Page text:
EP: Especially these dudes in rap who wanna box rap in. It’s supposed to be the rebellious music –
MoF: – These dudes are conservative as fuck round here! These dudes sound really conservative out here! Rap is supposed to be the genre where you don’t give a fuck. I think rap and reggae is the wildest genres. It’s supposed to be whatever.
EP: Everybody wants to box it in and say you can’t do this and you can’t do that because you’re from here –
MoF: – That sounds like some old parent shit!
EP: It’s supposed to be stuff from all over the place, whatever you can get your hands on. Whatever I want to do to put something cool together, I’mma do it. And now people want to say, “Well you can’t do this.” That’s not rap.
MoF: We just keep it open; we’re open to different sounds, noises, genres, music, everything.
What have you been listening to lately?
EP: I just got that Ty Dolla $ign EP. DJ Mustard’s tracks are just cool man. I like that he just goes the super simplistic route and I like that he has his own sound. I almost hear dance elements in the synths he chooses. I know there’s other weird things we listen to that aren’t even hip-hop.
Yeah, that’s really what I was asking. I want to know about it all.
EP: Yeah, aside from rap, man, I don’t even know.
You guys are producers as well as rappers so I wonder, “Where’d they get this sound?”
MoF: We like to just get some cheap shit or just some shit that makes us laugh and be like yo, this shit is crazy. For example, “Doppel Gospel” – that shit just sounded beautiful. That shit just gets us hype. It’s just something that you don’t really come across.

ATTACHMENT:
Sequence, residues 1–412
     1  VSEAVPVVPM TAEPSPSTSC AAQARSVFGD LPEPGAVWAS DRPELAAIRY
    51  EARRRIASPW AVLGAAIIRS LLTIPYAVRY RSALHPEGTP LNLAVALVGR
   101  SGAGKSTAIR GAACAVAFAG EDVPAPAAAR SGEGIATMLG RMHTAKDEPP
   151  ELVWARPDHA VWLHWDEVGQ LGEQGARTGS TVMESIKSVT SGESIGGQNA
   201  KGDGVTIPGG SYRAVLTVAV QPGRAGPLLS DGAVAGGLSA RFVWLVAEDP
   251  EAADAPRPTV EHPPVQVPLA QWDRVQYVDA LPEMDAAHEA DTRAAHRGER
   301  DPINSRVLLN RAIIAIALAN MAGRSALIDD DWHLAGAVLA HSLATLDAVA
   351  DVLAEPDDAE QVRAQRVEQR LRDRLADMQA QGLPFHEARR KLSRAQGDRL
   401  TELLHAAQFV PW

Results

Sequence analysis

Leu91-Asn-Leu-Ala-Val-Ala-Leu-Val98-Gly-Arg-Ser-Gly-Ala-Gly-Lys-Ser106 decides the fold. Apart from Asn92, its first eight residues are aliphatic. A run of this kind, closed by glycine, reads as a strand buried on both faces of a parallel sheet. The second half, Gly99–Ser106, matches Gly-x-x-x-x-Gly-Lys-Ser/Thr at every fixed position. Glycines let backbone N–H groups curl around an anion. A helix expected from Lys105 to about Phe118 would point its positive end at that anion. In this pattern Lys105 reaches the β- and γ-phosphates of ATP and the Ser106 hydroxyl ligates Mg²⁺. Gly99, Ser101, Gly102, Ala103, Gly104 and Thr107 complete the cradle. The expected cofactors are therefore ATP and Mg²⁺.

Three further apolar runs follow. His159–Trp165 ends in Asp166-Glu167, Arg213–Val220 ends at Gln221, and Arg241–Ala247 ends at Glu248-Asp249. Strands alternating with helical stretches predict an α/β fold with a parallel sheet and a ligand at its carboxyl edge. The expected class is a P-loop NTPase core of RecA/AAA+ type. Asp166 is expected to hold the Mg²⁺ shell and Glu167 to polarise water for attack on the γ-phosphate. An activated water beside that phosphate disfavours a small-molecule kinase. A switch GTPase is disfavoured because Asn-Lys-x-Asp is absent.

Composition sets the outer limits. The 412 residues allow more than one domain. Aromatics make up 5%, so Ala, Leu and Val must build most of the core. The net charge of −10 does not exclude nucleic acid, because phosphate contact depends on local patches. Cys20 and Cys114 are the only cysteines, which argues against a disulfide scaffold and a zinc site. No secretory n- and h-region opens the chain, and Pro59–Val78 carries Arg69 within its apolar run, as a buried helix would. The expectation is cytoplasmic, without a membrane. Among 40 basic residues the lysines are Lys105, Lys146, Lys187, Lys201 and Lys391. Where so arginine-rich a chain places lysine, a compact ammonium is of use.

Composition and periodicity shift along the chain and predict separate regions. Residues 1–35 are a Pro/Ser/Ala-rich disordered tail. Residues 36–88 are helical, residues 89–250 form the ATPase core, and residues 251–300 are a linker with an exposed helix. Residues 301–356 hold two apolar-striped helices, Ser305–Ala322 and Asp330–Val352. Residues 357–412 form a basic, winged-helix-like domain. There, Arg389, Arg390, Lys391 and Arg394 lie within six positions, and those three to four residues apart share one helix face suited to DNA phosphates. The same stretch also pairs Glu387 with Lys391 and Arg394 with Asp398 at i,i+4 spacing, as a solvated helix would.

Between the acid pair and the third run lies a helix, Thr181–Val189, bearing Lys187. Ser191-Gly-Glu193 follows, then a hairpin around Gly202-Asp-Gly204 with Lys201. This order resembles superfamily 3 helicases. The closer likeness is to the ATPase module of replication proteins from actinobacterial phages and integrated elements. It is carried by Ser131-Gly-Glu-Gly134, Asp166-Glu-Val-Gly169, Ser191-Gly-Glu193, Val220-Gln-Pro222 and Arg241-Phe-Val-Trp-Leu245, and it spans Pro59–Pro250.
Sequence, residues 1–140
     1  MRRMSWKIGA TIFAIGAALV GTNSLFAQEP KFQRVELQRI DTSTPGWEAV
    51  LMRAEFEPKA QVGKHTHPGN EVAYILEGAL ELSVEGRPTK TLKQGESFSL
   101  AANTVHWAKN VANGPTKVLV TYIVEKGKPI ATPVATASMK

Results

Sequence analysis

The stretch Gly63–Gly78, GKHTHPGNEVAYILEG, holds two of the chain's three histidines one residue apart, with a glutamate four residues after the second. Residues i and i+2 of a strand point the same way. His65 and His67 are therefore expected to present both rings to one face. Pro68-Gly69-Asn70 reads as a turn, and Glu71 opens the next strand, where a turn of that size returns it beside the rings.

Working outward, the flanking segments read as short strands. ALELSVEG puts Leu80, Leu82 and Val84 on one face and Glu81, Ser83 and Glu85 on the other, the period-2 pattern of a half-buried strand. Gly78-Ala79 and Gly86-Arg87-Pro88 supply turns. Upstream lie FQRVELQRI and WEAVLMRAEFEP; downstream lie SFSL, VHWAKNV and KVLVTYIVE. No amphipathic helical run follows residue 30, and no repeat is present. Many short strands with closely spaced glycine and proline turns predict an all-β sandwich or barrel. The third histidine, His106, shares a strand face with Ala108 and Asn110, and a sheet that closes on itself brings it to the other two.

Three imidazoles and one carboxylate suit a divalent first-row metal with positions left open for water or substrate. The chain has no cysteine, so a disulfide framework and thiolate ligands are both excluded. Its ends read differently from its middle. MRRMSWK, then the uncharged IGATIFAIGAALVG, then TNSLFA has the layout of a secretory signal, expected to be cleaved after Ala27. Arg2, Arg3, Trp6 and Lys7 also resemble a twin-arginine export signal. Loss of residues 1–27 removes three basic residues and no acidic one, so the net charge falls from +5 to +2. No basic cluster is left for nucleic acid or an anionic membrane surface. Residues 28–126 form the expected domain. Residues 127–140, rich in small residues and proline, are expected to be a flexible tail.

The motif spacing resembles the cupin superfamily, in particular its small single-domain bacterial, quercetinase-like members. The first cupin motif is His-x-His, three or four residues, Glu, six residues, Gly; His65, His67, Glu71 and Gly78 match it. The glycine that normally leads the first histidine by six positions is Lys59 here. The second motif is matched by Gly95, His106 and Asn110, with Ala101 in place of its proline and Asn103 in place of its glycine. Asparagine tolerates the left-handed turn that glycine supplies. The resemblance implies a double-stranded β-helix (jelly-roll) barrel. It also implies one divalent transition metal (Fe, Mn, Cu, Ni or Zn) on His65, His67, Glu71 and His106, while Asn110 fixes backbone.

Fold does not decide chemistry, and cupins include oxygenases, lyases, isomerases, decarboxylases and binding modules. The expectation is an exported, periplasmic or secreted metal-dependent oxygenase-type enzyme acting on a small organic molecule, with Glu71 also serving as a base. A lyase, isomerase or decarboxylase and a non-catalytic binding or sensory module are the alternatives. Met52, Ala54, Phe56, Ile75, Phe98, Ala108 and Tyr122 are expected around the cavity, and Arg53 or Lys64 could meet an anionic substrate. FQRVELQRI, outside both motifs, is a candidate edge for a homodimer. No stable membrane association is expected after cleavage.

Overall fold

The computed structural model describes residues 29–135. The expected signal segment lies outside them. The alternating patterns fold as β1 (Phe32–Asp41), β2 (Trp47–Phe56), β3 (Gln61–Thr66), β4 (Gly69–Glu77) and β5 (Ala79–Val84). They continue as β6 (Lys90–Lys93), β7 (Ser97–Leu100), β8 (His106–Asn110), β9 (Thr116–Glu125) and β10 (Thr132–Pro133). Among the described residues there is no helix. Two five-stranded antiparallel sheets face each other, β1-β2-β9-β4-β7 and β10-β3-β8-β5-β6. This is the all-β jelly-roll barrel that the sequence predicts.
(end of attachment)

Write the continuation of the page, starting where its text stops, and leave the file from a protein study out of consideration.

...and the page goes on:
EP: Going into dollar bins at record stores is one of the coolest ways to get like weird –
MoF: Yeah, when it comes to getting records to mess with a lot of times people –
EP: – Say, “Let’s go to the soul section.”
MoF: Yeah, the records that are disregarded are the ones to look to because people skip them because it’s not a known thing or a known sound. Some of these shits, I don’t even know what genre they are.
EP: Yeah, “Holla x2” is some Israeli shit. That’s another thing though. We actually listen to the records we buy.
So when was Peace Kehd recorded?
MoF: June? Maybe like May 2013?
EP: We definitely worked on it during the summer and it wrapped about two months ago maybe?
MoF: So early summer to early winter.
What movie would it be the soundtrack to?
MoF: It would have to be a movie with a lot of different feels. You know how a movie might be like an inspirational movie, the whole thing? I feel like it would have to be a movie with multiple feelings in it. Like one part might be information, the other part might be ridiculous, another part might be dramatic.
EP: Yeah, something that has ups and downs and both comedic and serious elements. I can’t think of one though.
Maybe it doesn’t exist yet. Maybe someone will have to hear this album and make that movie.
MoF: Actually, I’mma just say RIP to Philip Seymour Hoffman and go with Happiness.
EP: Yeah, that’s a good one. It’s a sick and disturbing movie.
What songs of yours would you think is most deserving of a Grammy.
MoF: If we just go off response, I’mma have to go with “Suppository.” Just because I know that there’s a panel and shit and if the panel represents the people, I’ll have to say “Suppository.” That song is one people really love always request. That song really propelled us.
EP: “I think “KnowntchooTahLie” could do some damage too, man. It could appeal to a lot of people and I think it has good song structure. It’s put together cleanly, so why not?